An 8 cm Subserosal Fibroid in a Patient with Unexplained Infertility and Pain

Figure 4.1
MRI: Sagittal view showing a posterior subserosal fibroid


Figure 4.2
MRI: Coronal view showing a posterior subserosal fibroid, without distortion of the uterine cavity

Treatment Options

Decisions about when and how to treat uterine fibroids depend on the patient’s symptoms, the size and location of the fibroids, and her future fertility plans. For women who want to preserve their fertility, myomectomy is indicated when submucosal fibroids result in distortion of the endometrial cavity or heavy menstrual bleeding, or in the presence of large (>4–5 cm diameter) intramural fibroids [1, 2]. Myomectomy can also be considered with large leiomyoma in any location for treatment of significant abdominal pain or discomfort, or urinary tract symptoms. In the case described above, the patient had both unexplained infertility and abdominal pain. Based on the normal uterine cavity and the subserosal location of the fibroid, her infertility was unlikely to be related to her fibroid. In contrast, her episodic pain and urinary frequency was most likely related to her fibroid.

Uterine fibroids can be treated by both nonsurgical and surgical methods. Nonsurgical treatment options for fibroid treatment are not recommended in women desiring fertility treatment. Medical treatment with GnRH agonists or progesterone receptor antagonist can temporarily reduce fibroid size, but these treatments do not improve fertility [3]. Fibroid size can be more permanently reduced by occluding their blood supply using vascular techniques (e.g., uterine artery embolization or uterine fibroid embolization). Unfortunately, reducing uterine blood supply appears to decrease fertility and dramatically increases the risk of subsequent pregnancy complications [48].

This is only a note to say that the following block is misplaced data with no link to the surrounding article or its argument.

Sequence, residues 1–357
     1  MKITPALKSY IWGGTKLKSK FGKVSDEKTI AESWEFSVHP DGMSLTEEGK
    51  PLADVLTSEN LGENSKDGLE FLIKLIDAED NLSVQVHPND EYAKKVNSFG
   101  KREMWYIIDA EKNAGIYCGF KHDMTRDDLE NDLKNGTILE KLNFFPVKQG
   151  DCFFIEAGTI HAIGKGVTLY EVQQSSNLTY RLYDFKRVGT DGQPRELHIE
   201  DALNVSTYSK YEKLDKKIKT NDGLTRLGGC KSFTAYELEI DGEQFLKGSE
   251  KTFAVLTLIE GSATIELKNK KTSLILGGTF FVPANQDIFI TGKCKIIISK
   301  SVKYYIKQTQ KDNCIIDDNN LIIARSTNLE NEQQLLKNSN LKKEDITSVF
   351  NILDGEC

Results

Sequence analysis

Additional minimally invasive techniques have been developed to destroy fibroids without surgically removing them. However, there is not enough data yet available to recommend their use in women desiring future fertility [911]. These methods include focused ultrasound guided by either magnetic resonance or ultrasound [12, 13] and laparoscopic ultrasound-guided radiofrequency thermal ablation [14]. Although the effects of these treatments on fertility remain unknown, preliminary data suggests that they dramatically increase the subsequent risk of miscarriage and preterm delivery [9].

Myomectomy remains the standard treatment for women with symptomatic fibroids who wish to retain their fertility. The route and method chosen for myomectomy is based on the location, size, and number of fibroids, as well as the experience and skill of the surgeon. Although many submucosal fibroids can be removed hysteroscopically, an abdominal approach is required for intramural and subserosal fibroids. Abdominal myomectomy can be performed laparoscopically (with or without robotic assistance) or via laparotomy. In addition to the need for different equipment and skill sets, these approaches have other relative advantages and disadvantages.